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Residue Checking and Signal Processors

IP.com Disclosure Number: IPCOM000040142D
Original Publication Date: 1987-Sep-01
Included in the Prior Art Database: 2005-Feb-01
Document File: 3 page(s) / 60K

Publishing Venue

IBM

Related People

Jones, GD: AUTHOR

Abstract

The residue checking technique is utilized for concurrent error detection in a signal processor, as disclosed herein. The arithmetic section of the signal processor consists of a group of registers organized in a stack 1, an arithmetic logic unit (ALU) 2, and a parallel multiplier 3. Operands enter and exit the arithmetic section of the processor via a common data bus (CDB) 7. A 16-bit-wide data flow is assumed, although the checking technique is applicable to other data flow widths as well. The residue checking approach disclosed appends to all operands a predicted residue (PR). All operations on each operand will update the PR. The operand can be validated by computing the actual residue (R) and comparing it to the predicted PR.

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Residue Checking and Signal Processors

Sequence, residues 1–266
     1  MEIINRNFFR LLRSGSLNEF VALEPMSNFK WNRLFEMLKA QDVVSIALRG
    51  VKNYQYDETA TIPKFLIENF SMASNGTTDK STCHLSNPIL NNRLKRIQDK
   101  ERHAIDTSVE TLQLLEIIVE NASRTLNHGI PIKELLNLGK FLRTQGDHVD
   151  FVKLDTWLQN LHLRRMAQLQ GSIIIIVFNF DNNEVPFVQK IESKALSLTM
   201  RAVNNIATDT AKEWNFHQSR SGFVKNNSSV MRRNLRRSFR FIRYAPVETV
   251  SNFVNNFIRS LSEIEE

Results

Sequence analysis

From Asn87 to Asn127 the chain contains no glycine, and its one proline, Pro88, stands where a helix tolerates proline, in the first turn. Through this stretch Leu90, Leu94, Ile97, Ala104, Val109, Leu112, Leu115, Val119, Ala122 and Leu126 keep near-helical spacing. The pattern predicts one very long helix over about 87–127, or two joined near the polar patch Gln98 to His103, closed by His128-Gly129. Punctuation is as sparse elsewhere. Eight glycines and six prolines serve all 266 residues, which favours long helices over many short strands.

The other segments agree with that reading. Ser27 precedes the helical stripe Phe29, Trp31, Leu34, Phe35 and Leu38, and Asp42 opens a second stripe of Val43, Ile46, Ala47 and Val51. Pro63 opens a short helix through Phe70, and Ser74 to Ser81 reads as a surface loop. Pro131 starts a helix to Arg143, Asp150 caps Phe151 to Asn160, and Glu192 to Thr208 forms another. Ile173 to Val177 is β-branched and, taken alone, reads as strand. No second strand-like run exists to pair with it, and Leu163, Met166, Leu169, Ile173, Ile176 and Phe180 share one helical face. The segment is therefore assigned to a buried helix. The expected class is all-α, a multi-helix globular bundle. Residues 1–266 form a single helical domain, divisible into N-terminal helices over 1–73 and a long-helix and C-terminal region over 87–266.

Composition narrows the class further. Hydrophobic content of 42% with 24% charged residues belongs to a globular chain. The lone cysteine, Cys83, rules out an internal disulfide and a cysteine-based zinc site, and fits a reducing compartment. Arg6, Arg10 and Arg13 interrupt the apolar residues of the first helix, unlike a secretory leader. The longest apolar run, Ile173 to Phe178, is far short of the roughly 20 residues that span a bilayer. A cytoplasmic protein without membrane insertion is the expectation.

The residue checking technique is utilized for concurrent error detection in a signal processor, as disclosed herein. The arithmetic section of the signal processor consists of a group of registers organized in a stack 1, an arithmetic logic unit (ALU) 2, and a parallel multiplier 3. Operands enter and exit the arithmetic section of the processor via a common data bus (CDB) 7. A 16-bit- wide data flow is assumed, although the checking technique is applicable to other data flow widths as well. The residue checking approach disclosed appends to all operands a predicted residue (PR). All operations on each operand will update the PR. The operand can be validated by computing the actual residue (R) and comparing it to the predicted PR. The approach utilized performs validation at the interfaces between the arithmetic section and the common data bus 7. The validation occurs when operands are transferred to and from the data memory or to I/O. Checking at this point in the flow path monitors the effects of transmission through any of the flow paths, multiplexers and arithmetic functions that are included in the circuitry. The residue check effectively "sees" the majority of the operations, and if any error has occurred in any of the various elements, it should be uncovered at this point. Residues based on modulo 15 are used within the flow of the arithmetic unit itself. Modulo 15 insures an average checking accuracy of 93%, which is a level suitable for high reliability applications. Four checking bits are appended to each operand to encode the PR. Modulo 3 residues are used with operands on the common data bus 7 to transfer data between the arithmetic unit 2 and the data memory or I/O (not shown). The modulo 3 check is used because the required two check bits for modulo 3 residues can replace the two parity bits that are commonly used with halfword data stores in processors. This yields approximately the same level of checking performance for this portion of the interface. As shown in the figure, the checking function consists of three major elements. The residue prediction circuit 4 for the ALU 2 is the first element, the residue prediction circuit 5 for the multiplier 3 is the second, and the validation and conversion circuit 6 between arithmetic unit 2 and the data bus 7 is the third element. The ALU residue prediction circuit 4 derives it inputs from the input selection circuit 8, which consists of the A multiplexer 8A and the B multiplexer 8B. These inputs consist of the A and B operands and their predicted residues from register stack 1 and the output selection circuit 9 connected thereto. The function of this ALU prediction circuit 4 is to compute the predicted residue, PR (0) of an outcome 0, from residue prediction equations for arithmetic, logical and shift rotate operations. Modulo 15 prediction equations are employed and these equations are known from general literature in the field and...